Finally the cutting was done and so was I, heading off to bed with the rising sun.
By mid-morning a few doubts set in. What on earth had I taken on? I briefly debated making a much smaller doll, tossed out that idea and set to work at the sewing machine. Fortunately interruptions were few and I could make my own hours, but Dolly was a most demanding piece of work. She was unwieldy to sew; her head and face were well designed, but finicky, and her body seemed alarmingly huge.
Parts of her had to be stuffed before being joined to other segments and it soon became clear that I had nowhere near enough fiberfill to complete the task. Not only was I in no position to zap to Volos, I seriously doubt that I could have found what I needed there anyway. That problem was solved by gutting the pillows of the guest beds, but the question of her outfit began to raise its head.
My fabric and yarn stashes are well stocked, so materials wouldn’t be a problem, but time would. I pressed on.
Her face was done fairly quickly – I opted for a very basic look. Ah, my button jars, how do I love thee, but hair! And no, not the musical. How was I going to do hair? That turned out to be the most difficult part of getting Dolly together.
I should, in retrospect, have dealt with her hair before attaching the head to the body as Dolly became very unwieldy and every attempt to get her well coiffed only succeeded in a look that would have fitted in well for Halloween.
I resorted to three different knitting yarns, but the end result, after a ridiculous amount of work, can only be described as a great disappointment, and that’s putting it kindly.
A skirt was easily made; her sweater took more time. The Saturday morning market in the village provided knickers – a child’s age four – for Dolly is slim of hip, and cheerful socks in a woman’s size.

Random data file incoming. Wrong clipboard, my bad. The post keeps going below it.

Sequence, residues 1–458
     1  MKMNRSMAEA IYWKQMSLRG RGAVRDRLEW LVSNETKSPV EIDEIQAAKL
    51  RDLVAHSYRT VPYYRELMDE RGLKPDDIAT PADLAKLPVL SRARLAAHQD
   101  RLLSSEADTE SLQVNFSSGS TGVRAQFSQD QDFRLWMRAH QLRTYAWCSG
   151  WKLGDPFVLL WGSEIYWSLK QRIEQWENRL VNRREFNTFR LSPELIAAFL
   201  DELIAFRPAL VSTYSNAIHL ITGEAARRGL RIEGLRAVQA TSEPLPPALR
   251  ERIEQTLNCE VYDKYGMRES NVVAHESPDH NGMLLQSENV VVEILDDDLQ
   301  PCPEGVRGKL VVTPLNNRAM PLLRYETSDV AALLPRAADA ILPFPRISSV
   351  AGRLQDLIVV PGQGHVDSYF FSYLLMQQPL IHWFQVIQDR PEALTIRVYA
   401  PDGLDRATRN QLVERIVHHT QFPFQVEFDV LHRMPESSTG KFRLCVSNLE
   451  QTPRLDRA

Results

I finished her that afternoon, ready to send her out into the world with a few necessities in a cute little reticule (a repurposed confetti sachet) and a touch of adornment in the form of a bead bracelet.
Early the next day, good friends came to fetch us, Dolly and me, and we drove up to Lafkos. Dolly sure did attract attention for she had not been seen in public before then, but she was quietly gracious, allowing herself to be photographed with admirers, smiling all the while, performing her duties without complaint, while we sold raffle tickets on her behalf.
By late afternoon the bazaar was coming to an end and we got ready to draw the winning ticket. The box was shaken, we stirred the slips of paper around, and then, to great excitement, a ticket was pulled out. The number was read, the lists consulted, and we had a winner!
Hooray! We were thrilled to discover that our lucky ticket holder was the most enchanting little girl; a local child, she’s fluent in English and Greek and has the sweetest disposition. The family had already left, but we called and before long she arrived with her father to claim Dolly.
I think our winner was almost in shock, but she thanked us beautifully – her manners are impeccable – and stood patiently while we oohed and aahed and took pictures. As you can see, she and Dolly are about the same size. Dolly lucked out too, for she’s much loved; I was delighted.
The day had been a great success, raising some much needed funds for PAWS, but as with all charities, there’s never enough money and we continue our efforts. This year we held a barbecue at which we sold tickets for various raffles, and guessed the weight of a cake. I donated a doll, but one which I picked out at a store.